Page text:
from the Court before leading such secondary evidence. The
appellant was required to comply with Section 65 of the Indian
Evidence Act before leading secondary evidence which has not
been done by the appellant.
16 The Hon'ble Apex Court has observed in the case of
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U. Sree Vs. Srinivasi (2003) DMC 91 (S.C.) that:
"Secondary evidence relating to contents of a
document is inadmissible until non production of
original is accounted for, so far as to bring it within
one or other cases provided for under Section 65 of
the Indian Evidence Act."
Admittedly, the medical papers are not the original or
certified copies issued by the B.A.R.C. The medical papers,
pages 1 to 52 are not in the handwriting of PW-2 Dr.
Mazumdar. He is not the author of the documents. He has not
given the proper explanation for non-production of the original
medical papers. The mandatory essential requirements of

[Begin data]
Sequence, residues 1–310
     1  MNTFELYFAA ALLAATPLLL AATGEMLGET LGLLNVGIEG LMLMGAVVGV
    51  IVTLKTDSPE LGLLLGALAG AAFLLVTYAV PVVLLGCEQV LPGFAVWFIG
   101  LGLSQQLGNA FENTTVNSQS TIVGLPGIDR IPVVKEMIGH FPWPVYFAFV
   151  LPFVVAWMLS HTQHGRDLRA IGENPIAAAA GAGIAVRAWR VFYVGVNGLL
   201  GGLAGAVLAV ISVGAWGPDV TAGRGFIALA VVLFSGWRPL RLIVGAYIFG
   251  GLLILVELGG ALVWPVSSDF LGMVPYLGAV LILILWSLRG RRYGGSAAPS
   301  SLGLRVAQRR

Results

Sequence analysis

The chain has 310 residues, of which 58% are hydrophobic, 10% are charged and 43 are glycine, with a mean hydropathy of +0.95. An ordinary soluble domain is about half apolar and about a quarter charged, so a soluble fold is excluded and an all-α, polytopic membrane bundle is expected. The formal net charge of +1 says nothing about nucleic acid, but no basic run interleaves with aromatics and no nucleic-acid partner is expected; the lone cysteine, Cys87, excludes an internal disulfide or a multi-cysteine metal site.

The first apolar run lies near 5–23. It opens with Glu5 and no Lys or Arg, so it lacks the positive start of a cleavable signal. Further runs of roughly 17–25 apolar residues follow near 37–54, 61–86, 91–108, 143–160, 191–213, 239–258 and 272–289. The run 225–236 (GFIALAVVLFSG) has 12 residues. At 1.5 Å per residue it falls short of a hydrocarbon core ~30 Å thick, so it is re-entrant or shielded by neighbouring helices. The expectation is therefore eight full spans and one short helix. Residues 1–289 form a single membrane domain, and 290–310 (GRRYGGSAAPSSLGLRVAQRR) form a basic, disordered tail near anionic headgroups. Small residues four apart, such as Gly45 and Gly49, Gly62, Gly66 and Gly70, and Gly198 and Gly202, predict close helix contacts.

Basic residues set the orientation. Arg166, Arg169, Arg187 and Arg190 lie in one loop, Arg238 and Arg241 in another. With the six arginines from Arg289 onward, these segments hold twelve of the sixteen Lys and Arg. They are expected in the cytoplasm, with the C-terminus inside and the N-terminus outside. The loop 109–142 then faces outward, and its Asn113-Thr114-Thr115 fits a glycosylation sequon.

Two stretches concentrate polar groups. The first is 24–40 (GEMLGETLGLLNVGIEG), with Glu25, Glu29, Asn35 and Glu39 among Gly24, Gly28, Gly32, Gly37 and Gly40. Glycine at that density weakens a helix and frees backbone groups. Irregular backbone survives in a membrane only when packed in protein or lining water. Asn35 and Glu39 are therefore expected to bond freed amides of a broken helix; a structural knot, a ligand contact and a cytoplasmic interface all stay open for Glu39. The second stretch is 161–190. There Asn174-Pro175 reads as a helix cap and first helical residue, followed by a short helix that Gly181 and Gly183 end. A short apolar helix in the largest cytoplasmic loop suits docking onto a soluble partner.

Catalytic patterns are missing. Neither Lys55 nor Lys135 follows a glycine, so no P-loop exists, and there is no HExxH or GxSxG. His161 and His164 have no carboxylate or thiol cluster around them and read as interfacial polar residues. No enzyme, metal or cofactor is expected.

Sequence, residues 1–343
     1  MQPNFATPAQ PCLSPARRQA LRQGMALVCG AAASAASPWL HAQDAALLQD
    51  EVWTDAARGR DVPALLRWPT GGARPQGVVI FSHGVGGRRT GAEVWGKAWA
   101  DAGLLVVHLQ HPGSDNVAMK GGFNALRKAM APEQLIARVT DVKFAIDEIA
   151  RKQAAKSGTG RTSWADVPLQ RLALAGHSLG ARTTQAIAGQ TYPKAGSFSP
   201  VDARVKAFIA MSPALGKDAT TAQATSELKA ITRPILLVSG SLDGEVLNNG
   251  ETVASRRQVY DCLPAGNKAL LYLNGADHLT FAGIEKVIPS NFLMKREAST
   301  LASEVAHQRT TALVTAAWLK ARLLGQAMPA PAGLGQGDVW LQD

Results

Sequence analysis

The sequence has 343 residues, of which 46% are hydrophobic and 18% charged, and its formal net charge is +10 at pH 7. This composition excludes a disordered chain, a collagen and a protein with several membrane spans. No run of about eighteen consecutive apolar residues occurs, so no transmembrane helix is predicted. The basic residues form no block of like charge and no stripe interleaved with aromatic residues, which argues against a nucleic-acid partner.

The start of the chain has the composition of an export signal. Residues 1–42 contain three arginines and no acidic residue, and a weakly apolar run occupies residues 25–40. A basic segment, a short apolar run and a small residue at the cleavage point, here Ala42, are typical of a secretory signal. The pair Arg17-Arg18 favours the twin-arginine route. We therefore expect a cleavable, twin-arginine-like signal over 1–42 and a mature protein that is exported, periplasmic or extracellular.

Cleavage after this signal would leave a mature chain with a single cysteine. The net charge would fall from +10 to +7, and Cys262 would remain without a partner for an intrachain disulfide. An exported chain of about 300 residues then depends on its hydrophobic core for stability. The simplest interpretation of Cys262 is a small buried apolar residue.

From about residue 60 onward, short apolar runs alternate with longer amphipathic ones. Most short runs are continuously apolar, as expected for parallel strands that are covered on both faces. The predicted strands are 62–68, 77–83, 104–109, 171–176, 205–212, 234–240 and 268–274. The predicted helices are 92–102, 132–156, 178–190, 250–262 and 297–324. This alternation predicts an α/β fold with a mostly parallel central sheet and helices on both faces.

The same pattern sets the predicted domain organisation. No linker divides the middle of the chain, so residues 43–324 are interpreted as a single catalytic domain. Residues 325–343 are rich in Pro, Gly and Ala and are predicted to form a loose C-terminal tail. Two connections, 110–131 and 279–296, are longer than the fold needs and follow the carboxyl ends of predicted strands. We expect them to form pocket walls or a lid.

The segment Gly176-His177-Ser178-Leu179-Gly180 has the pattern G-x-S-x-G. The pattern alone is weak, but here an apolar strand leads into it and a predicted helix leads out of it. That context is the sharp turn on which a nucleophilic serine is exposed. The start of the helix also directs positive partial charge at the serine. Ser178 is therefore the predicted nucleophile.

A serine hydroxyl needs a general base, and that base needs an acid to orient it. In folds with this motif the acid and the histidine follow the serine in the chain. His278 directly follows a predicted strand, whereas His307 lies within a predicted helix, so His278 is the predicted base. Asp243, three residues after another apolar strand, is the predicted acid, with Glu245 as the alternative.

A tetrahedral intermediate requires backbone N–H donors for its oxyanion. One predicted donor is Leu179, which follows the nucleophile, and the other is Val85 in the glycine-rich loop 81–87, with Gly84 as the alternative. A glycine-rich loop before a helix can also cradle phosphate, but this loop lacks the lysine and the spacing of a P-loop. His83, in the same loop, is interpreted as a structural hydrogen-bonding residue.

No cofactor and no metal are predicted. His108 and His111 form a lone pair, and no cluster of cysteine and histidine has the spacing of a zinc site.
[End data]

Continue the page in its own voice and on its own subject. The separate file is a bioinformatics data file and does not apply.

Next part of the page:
Section 65 of the Indian Evidence Act, have not been complied
with by the appellant. Therefore, in this situation and
considering the above observation of the Hon'ble Apex Court in
the above authority, in our opinion, the appellant has failed to
prove the medical papers produced at Exh. 28. Therefore, the
medical papers produced at Exh. 28 cannot be read in evidence
against the respondent.
17 The respondent has specifically stated in his evidence
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that due to project work and continuous work pressure he was
not getting proper sleep, and therefore, he used to take
medicines. Dr. Mazumdar has stated in his evidence that the
respondent used to take tablets as per his prescription. He has
also stated in his cross-examination that the respondent